Cross-Border Compliance in the Brazilian Marketplaces

Cross-Border Compliance in the Brazilian Marketplaces

Before reporting on my experience with marketplaces, it is important to address the compliance of marketplaces in relation to cross-border.

In all the sales transactions that take place on Brazilian marketplaces, payments are processed in Brazil, that is, under the laws that govern the country.

There is an important detail about co-responsibility in relation to these same transactions: the marketplace is co-responsible, even if it contractually transfers this responsibility to the seller.

As a seller, if you really read the contract that most marketplaces send to sellers, your attorney would certainly not advise you to sign it, once no matter what happens, the marketplace always transfers responsibility to the seller.

Many local marketplaces accept sellers who offer products without the inclusion of customs taxes, and as the Post Office Correios (as already mentioned) does not have the ability to tax all orders that transit through it, they end up doing unfair competition.

Retail entrepreneurs and some industry sectors decided to pressure the Brazilian government for measures against websites and platforms that allow direct import of products from China by individuals. Luciano Hang, owner of Havan, and Alexandre Ostrowiecki, CEO of Multilaser, are among the leaders of the movement.

Also, according to the report, names such as Shopee, AliExpress, Wish, Shein and even Mercado Livre were mentioned. The proposal is that the consumer pays import taxes at the time of purchase and not only when the product arrives at the Federal Revenue, as is currently the case.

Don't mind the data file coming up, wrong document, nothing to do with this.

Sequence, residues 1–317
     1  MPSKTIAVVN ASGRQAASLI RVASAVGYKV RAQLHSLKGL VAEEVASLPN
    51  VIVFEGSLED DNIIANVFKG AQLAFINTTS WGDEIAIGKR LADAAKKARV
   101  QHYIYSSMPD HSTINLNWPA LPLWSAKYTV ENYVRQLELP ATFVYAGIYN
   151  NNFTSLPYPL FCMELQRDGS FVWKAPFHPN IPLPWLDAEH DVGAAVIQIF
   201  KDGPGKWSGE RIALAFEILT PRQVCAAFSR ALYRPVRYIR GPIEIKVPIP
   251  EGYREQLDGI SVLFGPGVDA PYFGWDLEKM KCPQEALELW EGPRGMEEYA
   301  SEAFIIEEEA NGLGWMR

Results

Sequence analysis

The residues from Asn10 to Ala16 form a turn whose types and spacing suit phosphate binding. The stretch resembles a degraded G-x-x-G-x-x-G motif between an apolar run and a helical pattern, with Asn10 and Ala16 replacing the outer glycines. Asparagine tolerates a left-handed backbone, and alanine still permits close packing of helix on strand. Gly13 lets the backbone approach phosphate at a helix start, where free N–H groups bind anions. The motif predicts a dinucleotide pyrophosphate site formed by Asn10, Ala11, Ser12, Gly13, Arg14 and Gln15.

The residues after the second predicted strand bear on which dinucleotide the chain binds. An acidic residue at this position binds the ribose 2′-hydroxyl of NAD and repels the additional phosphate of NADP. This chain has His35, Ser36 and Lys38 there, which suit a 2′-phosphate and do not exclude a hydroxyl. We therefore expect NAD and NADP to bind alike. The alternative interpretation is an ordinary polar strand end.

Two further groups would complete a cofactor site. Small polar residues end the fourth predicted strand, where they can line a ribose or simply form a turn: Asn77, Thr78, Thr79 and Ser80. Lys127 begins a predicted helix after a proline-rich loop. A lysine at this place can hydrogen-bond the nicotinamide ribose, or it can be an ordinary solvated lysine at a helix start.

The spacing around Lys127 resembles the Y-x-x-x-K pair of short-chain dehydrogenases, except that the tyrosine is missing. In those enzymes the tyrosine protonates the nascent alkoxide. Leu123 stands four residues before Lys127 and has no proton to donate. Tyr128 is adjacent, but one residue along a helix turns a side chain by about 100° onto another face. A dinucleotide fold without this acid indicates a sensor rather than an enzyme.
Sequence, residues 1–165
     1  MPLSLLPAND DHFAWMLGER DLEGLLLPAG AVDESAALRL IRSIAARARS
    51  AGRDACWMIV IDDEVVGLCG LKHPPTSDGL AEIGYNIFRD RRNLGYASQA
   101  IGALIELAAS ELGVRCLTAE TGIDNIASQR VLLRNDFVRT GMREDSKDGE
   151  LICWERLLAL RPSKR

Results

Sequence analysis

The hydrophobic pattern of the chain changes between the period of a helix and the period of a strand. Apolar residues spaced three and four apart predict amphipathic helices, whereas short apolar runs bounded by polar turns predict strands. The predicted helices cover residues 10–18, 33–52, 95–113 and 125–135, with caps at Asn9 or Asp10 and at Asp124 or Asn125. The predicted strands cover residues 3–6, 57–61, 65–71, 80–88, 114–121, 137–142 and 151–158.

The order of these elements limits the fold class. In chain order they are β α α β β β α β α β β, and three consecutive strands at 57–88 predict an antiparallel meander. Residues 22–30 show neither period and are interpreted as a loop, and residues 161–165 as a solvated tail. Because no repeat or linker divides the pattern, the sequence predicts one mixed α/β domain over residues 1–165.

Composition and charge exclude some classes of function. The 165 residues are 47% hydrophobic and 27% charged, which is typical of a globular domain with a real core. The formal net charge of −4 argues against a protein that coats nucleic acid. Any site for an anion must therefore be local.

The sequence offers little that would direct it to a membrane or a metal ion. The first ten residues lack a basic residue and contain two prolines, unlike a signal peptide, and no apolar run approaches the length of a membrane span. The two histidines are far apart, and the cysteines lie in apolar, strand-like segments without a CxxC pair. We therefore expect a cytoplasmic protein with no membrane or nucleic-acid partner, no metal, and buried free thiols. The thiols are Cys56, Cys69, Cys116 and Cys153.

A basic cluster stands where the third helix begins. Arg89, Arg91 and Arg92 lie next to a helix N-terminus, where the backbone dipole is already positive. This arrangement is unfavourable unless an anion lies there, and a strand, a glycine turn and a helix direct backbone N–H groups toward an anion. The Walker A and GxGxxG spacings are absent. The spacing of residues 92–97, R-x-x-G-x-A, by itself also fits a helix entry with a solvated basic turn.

The industry is also not satisfied with the market situation. Several institutions have been complaining for years about what they call unfair competition from imported products. The complaints became even more intense after the growth of e-commerce.

According to the newspaper, the president of the Brazilian Association of Toy Manufacturers (Abrinq), Synésio da Costa, articulated support from other entities, such as the Brazilian Association of the Textile and Apparel Industry (Abit), the Brazilian Association of the Electrical and Electronics Industry (Abide), National Association of Electronics Manufacturers (Eletros) and National Forum against Piracy and Illegality (FNCP).


Another fact reported is the importation for commercial purposes, in which the subsequent sale of products takes place in marketplaces with local operations. The report states that Shoppe and Mercado Livre, specifically, are accused of allowing sales by individuals without issuing an invoice. The companies would not be responsible for the origin of the products sold.

According to the press, some of the e-commerce companies took a stand. In a statement, Shoppe says it has not been notified by any government agency and claims to comply with local laws. Mercado Livre questioned the complaint and said it shares the concern with combating tax evasion and piracy. AliExpress has declared that it respects the local laws of the countries in which it operates.